Defining Your New Role
Let’s look at each…
Your role as a manager will focus on 3 areas that you may not have considered before:
Help your team set priorities:
•View your role as that of an entreprenuer – how would you run your business?
•Consider how your team’s priorities and decisions impact other departments
•Understand that your priorities may not align with those of your direct reports – get your team on the same page!
Setting an agenda for your team involves:
•Articulating strategies that will help align with and support the university’s objectives
•Ensuring that the strategies are implemented
To be a network builder, you need to:
•View yourself as a “people developer” rather than a “task doer”
•Understand where you and your team fits in the university – how can you help others…and how can they help you?
•Make “office politics” work for you – sharing and forming alliances can be benefit you and your team!
Building a network involves establishing and sustaining mutually beneficial partnerships up, down and across the university.
The issues you encountered as an individual contributor were likely related to your job-related tasks. As a manager, you must see your role and team with a broader view.
To be a strategic thinker, you need to:
•Consider multiple solutions to an issue or problem.
•Clearly communicate your vision to your team, so everyone is aligned – your team’s success is a reflection of your leadership.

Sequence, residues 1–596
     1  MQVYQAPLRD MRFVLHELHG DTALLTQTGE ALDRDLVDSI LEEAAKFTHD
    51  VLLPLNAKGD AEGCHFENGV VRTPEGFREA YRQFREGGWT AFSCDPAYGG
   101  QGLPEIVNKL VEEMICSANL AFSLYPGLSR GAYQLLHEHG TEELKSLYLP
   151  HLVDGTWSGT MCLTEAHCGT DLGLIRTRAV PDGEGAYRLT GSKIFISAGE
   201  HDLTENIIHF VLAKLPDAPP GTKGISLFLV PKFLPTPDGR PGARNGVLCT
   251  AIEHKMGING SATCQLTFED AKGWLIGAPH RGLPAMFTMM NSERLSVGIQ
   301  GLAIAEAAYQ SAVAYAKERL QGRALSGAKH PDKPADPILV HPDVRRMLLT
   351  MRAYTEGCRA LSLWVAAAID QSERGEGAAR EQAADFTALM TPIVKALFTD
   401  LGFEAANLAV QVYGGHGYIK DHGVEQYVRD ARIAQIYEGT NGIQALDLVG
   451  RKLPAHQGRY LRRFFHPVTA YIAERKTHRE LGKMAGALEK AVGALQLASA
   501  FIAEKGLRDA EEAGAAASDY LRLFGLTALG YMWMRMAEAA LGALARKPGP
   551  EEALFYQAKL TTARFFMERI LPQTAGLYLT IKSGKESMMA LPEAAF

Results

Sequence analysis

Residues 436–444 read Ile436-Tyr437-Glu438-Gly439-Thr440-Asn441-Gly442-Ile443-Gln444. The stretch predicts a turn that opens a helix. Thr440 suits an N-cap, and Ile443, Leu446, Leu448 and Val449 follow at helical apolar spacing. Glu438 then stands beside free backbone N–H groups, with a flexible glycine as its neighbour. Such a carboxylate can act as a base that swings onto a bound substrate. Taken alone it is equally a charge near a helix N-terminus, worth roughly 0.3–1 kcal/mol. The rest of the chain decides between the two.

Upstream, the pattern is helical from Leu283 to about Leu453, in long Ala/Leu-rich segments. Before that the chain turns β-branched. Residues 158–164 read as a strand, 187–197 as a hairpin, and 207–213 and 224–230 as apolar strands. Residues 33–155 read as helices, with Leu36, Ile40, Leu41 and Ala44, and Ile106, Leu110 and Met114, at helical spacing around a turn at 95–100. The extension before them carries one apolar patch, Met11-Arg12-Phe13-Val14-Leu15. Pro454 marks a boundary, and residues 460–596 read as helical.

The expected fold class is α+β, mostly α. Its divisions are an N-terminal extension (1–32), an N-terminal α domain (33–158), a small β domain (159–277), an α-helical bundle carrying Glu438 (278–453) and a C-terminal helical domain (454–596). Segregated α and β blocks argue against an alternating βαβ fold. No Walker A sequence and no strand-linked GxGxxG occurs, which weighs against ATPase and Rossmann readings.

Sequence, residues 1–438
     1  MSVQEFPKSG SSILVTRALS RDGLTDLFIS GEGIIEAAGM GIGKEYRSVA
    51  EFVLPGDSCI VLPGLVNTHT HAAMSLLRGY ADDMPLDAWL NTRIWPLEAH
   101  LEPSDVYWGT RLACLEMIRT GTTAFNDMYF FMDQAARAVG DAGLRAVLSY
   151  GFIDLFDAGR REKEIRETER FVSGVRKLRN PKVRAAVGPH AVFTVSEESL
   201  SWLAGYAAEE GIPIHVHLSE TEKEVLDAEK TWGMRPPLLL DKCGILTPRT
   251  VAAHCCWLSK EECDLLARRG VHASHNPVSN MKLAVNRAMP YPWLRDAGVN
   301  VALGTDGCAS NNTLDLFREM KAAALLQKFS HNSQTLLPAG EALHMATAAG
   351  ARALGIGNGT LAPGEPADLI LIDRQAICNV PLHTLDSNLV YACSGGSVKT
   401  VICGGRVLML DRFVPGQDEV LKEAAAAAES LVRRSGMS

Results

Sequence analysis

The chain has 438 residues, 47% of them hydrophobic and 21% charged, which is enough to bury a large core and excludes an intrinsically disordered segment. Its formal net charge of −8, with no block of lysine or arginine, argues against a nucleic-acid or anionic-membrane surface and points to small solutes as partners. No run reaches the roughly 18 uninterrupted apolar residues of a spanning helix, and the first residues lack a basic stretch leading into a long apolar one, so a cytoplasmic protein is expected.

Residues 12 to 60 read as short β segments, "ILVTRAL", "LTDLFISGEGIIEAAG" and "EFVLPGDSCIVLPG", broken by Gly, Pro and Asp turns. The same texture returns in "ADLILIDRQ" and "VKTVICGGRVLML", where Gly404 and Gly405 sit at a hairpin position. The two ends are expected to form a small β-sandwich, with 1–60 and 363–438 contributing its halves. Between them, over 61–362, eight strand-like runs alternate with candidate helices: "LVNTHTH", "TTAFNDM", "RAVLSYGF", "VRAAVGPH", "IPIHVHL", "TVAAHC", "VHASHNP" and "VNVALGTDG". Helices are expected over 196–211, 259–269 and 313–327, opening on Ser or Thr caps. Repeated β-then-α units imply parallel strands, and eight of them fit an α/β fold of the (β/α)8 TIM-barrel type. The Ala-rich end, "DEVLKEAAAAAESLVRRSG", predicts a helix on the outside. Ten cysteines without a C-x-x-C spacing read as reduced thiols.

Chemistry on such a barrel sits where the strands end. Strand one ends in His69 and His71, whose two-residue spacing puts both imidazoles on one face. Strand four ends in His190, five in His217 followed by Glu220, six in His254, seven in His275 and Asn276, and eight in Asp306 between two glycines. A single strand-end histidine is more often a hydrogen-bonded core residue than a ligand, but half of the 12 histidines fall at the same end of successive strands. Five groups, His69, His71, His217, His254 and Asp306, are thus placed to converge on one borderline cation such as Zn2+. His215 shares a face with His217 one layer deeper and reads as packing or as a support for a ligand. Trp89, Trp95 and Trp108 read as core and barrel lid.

•Understand the difference between being “responsible” and being “accountable”
Coping With New Feelings
Fact: Manager-level employees are critical for an organization’s success, but one of the most challenging levels of leadership.
You can expect to experience one or more of the following emotions as you transition to management:
Let’s Discuss: In your small groups, discuss examples of times you may have felt one or more of these emotions. How did you resolve it?
Coping With New Feelings: Solutions
When dealing with stress and emotions associated with the transition to a managerial role, it’s important to be patient and take care of yourself.
A few ideas:
•Always be developing yourself (think 70-20-10!)
•Get enough leisure time to relax – use your personal/vacation time!
•Talk about your concerns with supportive friends or a mentor
•Take care of your health
•Keep your job in perspective – remember what’s most important
Eventually, as you transition into your role, you will find you’re developing professional skills, satisfying important psychological needs and collaborating with others.
•Consider your long-term career goals/path
Satisfying Psychological Needs
Collaborating with Others
•Developing & motivating your team
•Using your influence
•Use previous supervisors as mentors/coaches
•Having authority does not guarantee one will have influence
•Transitions take time – even the most self-assured managers have moments of frustration or uncertainty
•The most effective learning for new (& seasoned) managers often comes from building relationships and on-the-job experience
Your Action Plan
In your handout, complete the self-assessment:
•How are you currently viewed as a manager?
•What will you do as a result of today’s session?
Tools & Resources
Want to learn more about transitioning from an individual contributor to a management role?
•Helpful resources listed in your handout
•Today’s slides available for download on Slideshare Got questions? Need more info? Email: email@example.com Twitter: @MichelleLBaker